If you are someone who hates bugs in your space but understands that there are more options than those that would harm the environment AND those around us- read on. And if you didn’t know you had options, you do; there are safer, nonchemical methods that can solve your problem.
The problem with pesticides
Thanks to their widespread use after World War II, toxic chemicals have seeped into 90 percent of our waterways AND our bloodstreams. And these chemicals can trigger things like nausea, vomiting, and headaches or even more serious health concerns, like lung damage, reproductive problems, and cancer. We KNOW this. We simply have to start living smarter.
Not to mention the fact that pesticides are terribly toxic to children, who spend their time closer to the ground where these chemicals are. Our children’s developing brains (and bodies) are more susceptible to neurological problems, learning disabilities, and toxin buildup due to exposure. In fact, of all the cases of pesticide poisoning in the United States, half of them are in children under the age of six.
The truth is, chemicals aren’t always that effective anyway:
“Consider fleas, which take about a month to hatch from eggs and develop into larvae, then pupae, and then adults. Many of the chemicals used in conventional flea treatments target only fully grown fleas. Meanwhile, human exposure to these chemicals can trigger dizziness, vomiting, and convulsions and have long-term effects on learning and behavior.”
So, if we aren’t spraying them to death, what are we doing? Integrated pest management. IPM focuses on prevention so that pesticides become a last resort. It’s low-cost, safe, and environmentally friendly. It’s also been proven to slash pest-removal costs by one-third and pest complaints by 90 percent.
The first thing you have to do is make sure they cannot get into your home:
- Repair ripped window and door screens.
- Seal bathroom and kitchen cracks with silicone caulk.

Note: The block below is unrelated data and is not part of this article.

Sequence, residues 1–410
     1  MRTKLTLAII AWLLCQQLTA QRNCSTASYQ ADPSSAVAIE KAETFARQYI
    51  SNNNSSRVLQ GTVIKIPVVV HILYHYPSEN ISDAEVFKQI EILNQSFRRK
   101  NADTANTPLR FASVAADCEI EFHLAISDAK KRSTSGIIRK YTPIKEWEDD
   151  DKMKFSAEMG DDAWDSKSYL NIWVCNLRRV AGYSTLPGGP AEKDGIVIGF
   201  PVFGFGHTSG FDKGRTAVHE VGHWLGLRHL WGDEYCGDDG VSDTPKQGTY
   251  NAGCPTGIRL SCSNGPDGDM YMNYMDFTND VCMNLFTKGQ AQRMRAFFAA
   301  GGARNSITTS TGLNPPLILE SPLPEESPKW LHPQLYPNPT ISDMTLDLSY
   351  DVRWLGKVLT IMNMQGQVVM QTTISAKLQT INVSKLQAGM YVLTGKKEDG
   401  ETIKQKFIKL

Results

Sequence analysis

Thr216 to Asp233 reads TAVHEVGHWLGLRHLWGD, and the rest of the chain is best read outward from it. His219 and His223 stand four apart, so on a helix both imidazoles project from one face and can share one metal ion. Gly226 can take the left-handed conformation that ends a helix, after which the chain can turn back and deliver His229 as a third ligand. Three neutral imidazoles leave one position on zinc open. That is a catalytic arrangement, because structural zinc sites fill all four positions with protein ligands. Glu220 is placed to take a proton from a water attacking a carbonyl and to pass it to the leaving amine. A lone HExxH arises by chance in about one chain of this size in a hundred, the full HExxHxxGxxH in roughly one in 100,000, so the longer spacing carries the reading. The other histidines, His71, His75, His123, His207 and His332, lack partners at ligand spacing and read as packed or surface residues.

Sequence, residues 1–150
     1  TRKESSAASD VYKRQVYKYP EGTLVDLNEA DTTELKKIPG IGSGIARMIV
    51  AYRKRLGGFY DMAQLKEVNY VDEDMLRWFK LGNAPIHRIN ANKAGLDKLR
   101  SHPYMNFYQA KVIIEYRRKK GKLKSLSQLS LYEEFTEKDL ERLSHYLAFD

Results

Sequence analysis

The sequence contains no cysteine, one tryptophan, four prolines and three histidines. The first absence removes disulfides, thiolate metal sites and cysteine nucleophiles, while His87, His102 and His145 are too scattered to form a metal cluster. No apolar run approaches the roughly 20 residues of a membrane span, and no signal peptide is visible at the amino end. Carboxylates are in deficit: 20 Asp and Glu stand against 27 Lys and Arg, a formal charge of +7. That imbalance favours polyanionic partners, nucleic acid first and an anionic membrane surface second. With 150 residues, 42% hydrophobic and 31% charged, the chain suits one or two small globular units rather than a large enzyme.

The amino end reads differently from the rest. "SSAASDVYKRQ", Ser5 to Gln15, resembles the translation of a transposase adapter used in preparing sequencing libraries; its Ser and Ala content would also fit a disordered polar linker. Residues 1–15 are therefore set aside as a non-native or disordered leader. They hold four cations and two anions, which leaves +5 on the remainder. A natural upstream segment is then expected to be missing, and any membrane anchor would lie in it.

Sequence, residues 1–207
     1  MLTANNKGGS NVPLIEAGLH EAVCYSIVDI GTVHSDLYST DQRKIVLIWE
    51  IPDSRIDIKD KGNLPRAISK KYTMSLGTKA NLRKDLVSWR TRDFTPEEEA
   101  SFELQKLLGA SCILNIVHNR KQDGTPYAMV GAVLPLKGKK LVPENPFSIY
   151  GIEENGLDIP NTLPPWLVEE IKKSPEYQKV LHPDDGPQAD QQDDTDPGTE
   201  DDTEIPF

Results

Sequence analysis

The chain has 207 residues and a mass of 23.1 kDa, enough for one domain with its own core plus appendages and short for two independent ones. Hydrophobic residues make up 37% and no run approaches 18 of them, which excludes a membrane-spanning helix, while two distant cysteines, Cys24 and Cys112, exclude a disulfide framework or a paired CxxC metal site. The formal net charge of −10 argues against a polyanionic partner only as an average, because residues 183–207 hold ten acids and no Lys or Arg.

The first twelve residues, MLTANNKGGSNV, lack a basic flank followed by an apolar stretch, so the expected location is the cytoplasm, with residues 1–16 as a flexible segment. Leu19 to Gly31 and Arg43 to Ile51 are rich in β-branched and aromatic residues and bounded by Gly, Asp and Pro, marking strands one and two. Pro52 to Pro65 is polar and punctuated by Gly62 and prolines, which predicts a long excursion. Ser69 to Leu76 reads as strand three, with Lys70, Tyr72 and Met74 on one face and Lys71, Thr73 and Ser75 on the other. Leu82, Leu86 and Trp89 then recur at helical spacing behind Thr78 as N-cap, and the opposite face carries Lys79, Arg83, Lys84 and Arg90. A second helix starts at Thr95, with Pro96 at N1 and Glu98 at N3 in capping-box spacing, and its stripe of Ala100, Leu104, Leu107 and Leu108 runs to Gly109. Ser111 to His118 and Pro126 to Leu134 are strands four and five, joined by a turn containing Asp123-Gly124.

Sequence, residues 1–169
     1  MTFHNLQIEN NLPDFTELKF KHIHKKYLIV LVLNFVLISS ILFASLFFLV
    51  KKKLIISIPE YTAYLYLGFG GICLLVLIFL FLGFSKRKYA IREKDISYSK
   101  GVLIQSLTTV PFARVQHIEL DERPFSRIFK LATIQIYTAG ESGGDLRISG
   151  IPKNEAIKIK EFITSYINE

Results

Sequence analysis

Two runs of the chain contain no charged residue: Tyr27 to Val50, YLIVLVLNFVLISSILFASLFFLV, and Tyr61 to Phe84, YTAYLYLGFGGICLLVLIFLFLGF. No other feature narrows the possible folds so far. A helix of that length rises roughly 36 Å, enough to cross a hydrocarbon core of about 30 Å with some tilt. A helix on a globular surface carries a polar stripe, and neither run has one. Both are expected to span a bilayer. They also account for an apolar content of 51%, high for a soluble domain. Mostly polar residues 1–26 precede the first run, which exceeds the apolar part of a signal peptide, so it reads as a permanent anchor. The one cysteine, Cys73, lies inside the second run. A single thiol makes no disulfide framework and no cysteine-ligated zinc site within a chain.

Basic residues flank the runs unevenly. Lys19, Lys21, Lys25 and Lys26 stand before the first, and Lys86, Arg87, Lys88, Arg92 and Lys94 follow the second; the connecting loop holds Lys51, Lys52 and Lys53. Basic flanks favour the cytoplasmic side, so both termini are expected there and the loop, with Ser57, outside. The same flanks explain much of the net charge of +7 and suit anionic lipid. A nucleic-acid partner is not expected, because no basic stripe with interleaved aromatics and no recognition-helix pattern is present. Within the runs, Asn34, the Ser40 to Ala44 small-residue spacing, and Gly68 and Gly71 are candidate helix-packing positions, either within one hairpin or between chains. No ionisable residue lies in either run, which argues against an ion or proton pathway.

- Plug openings that are larger than ¼ inch wide. (Mice can easily wriggle through small holes but not if you seal them with cement, steel wool, or other metals. They can chew through plastic, rubber, vinyl, and wood.)
- Deny pests the shelter, food, and water they need by replacing the flooring before ants or termites can infest the rotting wood or getting rid of old newspapers that rats and mice like to use to build their nests.
- Sweep and vacuum regularly.
- Wash dishes and take out the garbage daily, and keep trash cans free of food residue.
- Store ripe fruit in the refrigerator, and never leave leftovers uncovered overnight.
- Wash your pet’s bedding once a week to ward off flea infestations.
Think before you spray
Remember, bees pollinate plants that account for 30 percent of the crops we eat and because their population has been decimated over the last 40 years (due to pesticide use) it’s best to leave bees alone if you discover them near your house. However, if you are uncomfortable with them so close you can call someone who specializes in bee removal. Just make sure they are licensed.
The old fashioned way
Now that you’re home is clean and you are ready “to kill”, use old-school methods first: flyswatters, mousetraps, flytraps, jar traps, pheromone traps, and other nontoxic bait.
You can also sprinkle cracks and crevices with boric acid powder, which will slowly poison crawling insects but is less toxic to humans than pesticides are. Just remember even these options should be handled carefully and kept away from kids and pets.
Your last resort
If problems persist, pesticides should be your last resort. IPM advocates using those toxic chemicals sparingly, with spot treatments limited to just the affected areas rather than spraying the entire house. Use pesticides with the lowest toxicity and avoid chemicals that are known to be carcinogens, neurotoxins, and endocrine disruptors.
However, if in the end you’ve tried everything and have gotten no relief, hire a pro- but make sure they are licensed in your state and certified by reputable programs like EcoWise, GreenPro, and Green Shield.